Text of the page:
Seychelles crime levels plummet downwards by 30%
(Seychelles News Agency) - Statistics have shown a large drop in criminal activities in Seychelles islands over the past year. The total number of recorded crimes dropped by 29.27% in 2013 compared to 2012. The areas which have seen the most significant decreases are theft, arson, criminal damage, burglaries and house breaking.
This was announced by the Indian Ocean island nations' Minister of Home Affairs and Transport, Joel Morgan, at an annual police meeting on 7 January.
According to Chief Superintendent Guy Roucou, the Seychelles police force has had to make a series of adjustments over the last few decades from a sleepy island state where tackling the theft of coconuts was a top priority to a modern police force capable of dealing with crimes common to the globalised world.
A worrying increase in drug intake among certain sections of the population, particularly intravenous heroin use, has led to a surge in drug-related crimes such as petty theft, housebreaking and narcotics offences.
Police data shows a sharp increase in crimes from 6,689 in 2007 to 7,655 in 2008 and another sharp rise from 7,591 in 2010 to 9,106 in 2011. Drug-related offences showed a steady downward trend from 2006 to 2009 and then rose again significantly between 2010 and 2011.
According to Minister Morgan, these new challenges have not prevented the police from achieving the remarkable drop in crime for 2013, which he attributes to a repositioning of the police department as well as a more pro-active approach which was implemented at the end of the previous year.
During 2012, the government contracted Nepalese Gurkhas as security officers to support the work of the local police force, increase visible policing and eradicate corruption.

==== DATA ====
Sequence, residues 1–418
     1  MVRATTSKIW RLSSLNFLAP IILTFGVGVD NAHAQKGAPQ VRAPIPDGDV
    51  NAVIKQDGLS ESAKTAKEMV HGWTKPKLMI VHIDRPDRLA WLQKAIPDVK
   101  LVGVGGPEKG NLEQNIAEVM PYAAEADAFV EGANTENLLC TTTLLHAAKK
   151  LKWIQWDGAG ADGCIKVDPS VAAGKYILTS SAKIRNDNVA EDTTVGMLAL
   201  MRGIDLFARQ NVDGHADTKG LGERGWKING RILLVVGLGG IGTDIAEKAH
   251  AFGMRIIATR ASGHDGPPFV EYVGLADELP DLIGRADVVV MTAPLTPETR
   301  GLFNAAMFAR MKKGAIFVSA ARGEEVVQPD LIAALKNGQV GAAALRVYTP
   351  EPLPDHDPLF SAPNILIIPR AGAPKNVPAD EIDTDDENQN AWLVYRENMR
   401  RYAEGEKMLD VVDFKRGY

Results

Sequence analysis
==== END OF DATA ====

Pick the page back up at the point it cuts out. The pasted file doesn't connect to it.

In 2013, two new police units, the NCSD (National Crime Services Division) and VIC (Vice Intervention Component), were established, providing a more methodical and targeted approach to preventing and responding to criminal activity.
“This result has not come haphazardly but rather it has happened as a result of assessments, planning, training and an overall methodical approach to deliver the day-to-day service of policing in a manner that was most likely to have a direct and positive impact in general,” the minister said.
While levels of anti-public order offences and anti-social behaviour have remained stable, murder, manslaughter and dangerous driving death cases have all seen a slight increase compared to 2012. Sexual offences and fraud cases have also been on the rise in the past year.
All these areas will be the target of renewed attention in 2014, according to Morgan, who said that the police would be partnering with other key agencies as well as civil society organisations to combat these issues, which he is sure will help to bring crime levels down overall.
During 2014 Morgan plans to beef up coastal law enforcement with the creation of another body – the Police Marine Unit. Focus will also be placed on improving the professionalism of the Police Security Support Wing (PSSW).
“The positive transformation of the police force will continue as there will still be much to do in the future to ameliorate the country’s stability and fight against criminality,” said the minister. “We must improve our professionalism, including the approach of officers and their interaction with the public.”
Morgan added that a zero tolerance policy would be adopted against graft and criminal activities within the police, saying that any police officer found to be involved in such acts would be dealt with according to the law.